Did you ever think that a tumor could contain hair, bone, and teeth? Well, a special kind of tumor known as teratoma can, and their appearance can be nightmare-inducing. “Teratos” is the Greek word for “monster,” so teratomas are essentially monster tumors (McRae). Despite the name, teratomas are usually benign and easy to treat once discovered.
(Image of a mature ovarian teratoma. Photo Credit: ResearchGate)
They often form in the ovaries, testicles, and tailbone region and can not only cause a lot of discomfort, but they can also obstruct the flow of fluid from surrounding tissues (Rice). There really isn’t a direct explanation as to why these toothy-masses form, but we do know that they arise from your body’s germ cells early on in your development. Germ cells are a type of stem cell that has the capacity to produce various types of tissues, thus explaining why teeth, hair, muscle, and bone can be found inside the tumors (Rice). Although similar in appearance, teratomas should not be confused with malformed fetuses that remain inside the bodies of their living siblings (Hecht).
Treatment for benign tumors usually involved surgical intervention. Patients are then closely monitored to make sure that no regrowth occurs. In instances where the tumor is malignant, surgical removal and chemotherapy are oftentimes prescribed (Hecht). Teratomas have already helped medical professionals to better understand stem cells and they have the potential to teach us so much more.
If you are interested in seeing once of these monstrous masses up close, the Mutter Museum has one in their collection. The dermoid cyst, a type of teratoma, was removed in 1884 from a 23-year-old woman (Mutter). The teratoma was later donated to the museum by W.M. Hunt where it remains today. I will leave a link to their object feature HERE.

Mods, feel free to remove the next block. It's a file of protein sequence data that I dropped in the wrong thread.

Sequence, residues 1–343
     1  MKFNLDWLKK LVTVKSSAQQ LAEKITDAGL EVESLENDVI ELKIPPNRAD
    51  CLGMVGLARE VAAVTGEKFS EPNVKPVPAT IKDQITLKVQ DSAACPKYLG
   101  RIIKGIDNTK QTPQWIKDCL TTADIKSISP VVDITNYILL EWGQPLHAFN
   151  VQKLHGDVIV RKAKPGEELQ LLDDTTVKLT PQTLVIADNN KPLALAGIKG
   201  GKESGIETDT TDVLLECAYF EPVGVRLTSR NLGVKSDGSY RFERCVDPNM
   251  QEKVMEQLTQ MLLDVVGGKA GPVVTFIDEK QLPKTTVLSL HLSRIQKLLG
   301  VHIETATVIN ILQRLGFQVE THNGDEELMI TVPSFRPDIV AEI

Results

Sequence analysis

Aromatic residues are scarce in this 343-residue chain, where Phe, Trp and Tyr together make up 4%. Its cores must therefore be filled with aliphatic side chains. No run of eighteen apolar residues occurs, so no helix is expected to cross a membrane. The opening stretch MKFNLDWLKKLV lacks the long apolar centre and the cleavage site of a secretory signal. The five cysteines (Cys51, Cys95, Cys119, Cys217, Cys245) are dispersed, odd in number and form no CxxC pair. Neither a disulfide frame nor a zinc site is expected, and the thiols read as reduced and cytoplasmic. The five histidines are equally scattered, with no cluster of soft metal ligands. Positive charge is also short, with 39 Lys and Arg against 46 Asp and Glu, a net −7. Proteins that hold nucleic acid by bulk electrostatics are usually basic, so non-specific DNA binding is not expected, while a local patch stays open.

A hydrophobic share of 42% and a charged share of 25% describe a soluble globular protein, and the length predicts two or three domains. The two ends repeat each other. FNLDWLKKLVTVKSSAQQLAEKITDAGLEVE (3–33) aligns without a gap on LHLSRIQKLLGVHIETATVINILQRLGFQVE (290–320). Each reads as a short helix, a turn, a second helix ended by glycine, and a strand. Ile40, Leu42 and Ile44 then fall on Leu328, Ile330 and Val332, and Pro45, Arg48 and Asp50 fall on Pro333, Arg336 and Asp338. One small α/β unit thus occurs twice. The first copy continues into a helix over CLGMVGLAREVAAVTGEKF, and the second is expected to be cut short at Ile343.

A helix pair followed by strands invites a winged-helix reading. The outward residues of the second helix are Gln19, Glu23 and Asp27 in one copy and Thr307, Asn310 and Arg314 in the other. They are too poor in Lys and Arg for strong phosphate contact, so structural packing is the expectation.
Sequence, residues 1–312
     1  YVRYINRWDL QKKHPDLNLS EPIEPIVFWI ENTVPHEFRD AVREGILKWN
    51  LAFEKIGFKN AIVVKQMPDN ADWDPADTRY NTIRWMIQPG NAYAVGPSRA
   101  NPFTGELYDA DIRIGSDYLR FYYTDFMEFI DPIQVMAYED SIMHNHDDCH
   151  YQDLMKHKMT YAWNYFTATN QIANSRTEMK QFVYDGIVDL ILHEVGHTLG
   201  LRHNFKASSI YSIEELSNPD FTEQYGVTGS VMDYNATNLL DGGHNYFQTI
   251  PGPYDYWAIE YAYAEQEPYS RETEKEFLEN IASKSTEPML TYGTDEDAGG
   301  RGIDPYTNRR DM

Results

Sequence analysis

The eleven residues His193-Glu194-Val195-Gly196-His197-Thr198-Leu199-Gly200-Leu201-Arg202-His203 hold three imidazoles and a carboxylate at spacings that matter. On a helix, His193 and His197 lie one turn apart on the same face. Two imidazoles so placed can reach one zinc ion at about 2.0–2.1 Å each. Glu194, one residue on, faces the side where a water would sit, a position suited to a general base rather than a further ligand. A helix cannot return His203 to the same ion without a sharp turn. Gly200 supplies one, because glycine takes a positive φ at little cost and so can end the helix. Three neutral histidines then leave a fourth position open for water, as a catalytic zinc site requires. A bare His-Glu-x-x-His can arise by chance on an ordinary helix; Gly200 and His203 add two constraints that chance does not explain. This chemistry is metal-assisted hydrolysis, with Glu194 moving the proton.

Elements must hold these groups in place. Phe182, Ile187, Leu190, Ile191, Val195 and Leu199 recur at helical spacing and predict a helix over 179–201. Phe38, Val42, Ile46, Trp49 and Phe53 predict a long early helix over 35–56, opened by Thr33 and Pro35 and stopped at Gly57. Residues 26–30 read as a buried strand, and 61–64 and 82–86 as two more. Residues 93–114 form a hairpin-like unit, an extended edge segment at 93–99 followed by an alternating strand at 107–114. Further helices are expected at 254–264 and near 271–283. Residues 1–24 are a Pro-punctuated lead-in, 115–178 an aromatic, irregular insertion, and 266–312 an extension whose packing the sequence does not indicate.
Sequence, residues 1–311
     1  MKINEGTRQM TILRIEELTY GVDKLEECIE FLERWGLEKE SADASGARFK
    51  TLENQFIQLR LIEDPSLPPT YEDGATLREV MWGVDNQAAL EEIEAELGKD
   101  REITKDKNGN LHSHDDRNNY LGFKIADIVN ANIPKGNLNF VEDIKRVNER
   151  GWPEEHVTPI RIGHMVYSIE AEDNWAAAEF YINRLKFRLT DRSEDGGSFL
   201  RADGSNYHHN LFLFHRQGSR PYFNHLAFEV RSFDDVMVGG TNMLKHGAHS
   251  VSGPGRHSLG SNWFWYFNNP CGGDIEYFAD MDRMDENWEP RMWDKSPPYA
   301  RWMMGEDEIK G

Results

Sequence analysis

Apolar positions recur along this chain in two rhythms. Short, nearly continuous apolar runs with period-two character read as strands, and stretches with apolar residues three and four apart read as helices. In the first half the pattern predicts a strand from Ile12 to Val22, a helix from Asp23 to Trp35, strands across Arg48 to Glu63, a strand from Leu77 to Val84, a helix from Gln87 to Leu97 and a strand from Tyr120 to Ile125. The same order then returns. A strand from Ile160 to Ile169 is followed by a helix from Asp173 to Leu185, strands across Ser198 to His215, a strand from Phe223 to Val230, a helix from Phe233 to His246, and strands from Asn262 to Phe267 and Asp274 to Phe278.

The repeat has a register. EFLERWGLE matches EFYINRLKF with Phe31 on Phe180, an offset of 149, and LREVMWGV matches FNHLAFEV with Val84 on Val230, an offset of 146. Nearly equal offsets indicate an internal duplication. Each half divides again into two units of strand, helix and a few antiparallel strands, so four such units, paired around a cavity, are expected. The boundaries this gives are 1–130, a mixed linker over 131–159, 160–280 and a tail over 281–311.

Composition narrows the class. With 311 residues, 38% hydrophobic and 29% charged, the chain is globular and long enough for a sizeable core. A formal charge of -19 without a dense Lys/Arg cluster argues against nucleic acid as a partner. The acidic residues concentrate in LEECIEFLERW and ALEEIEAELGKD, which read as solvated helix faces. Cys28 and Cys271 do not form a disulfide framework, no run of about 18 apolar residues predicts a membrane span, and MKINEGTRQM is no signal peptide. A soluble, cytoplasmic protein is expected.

In recent years a 16-year-old girl was undergoing a routine appendectomy when her surgeon noticed a large tumor on one of her ovaries when her surgeon noticed that she had an ovarian teratoma (McRae). The tumor was removed from the teenager, and upon further inspection, the surgeon observed that the teratoma was filled with hair, bone, and what appeared to be a partially-developed brain (McRae).
Teratomas are classified as rare tumor types, occurring in about 1 out of every 35,000-45,000 fetuses. Despite this, they still have the ability to mystify and horrify anyone who looks into the depths of one.
- “Dermoid Cyst of the Ovary: Does it Bite?” Memento Mutter. Accessed 29 July, 2020. http://memento.muttermuseum.org/detail/dermoid-cyst-of-the-ovary.
- Hecht, Marjorie. “What is a Teratoma? Healthline. 13 September, 2018. Accessed 29 July, 2020. Healthline.com/health/teratoma.
- Rice, Mae. “Tumors Can Grow Teeth.” Discovery.com. 1 August, 2019. Accessed 29 July, 2020. Discovery.com/science/tumors-can-grow-teeth.
- McRae, Mike. “A Tiny Brain, Skull, and Hair Have Been Extracted from a Teen’s Ovary.” Sciencealert.com. 7 January, 2017. Accessed 29 July, 2020. Sciencealert.com/a-tiny-brain-skull-and-hair-have-been-extracted-from-a-teen’s-ovary.
Until Next Time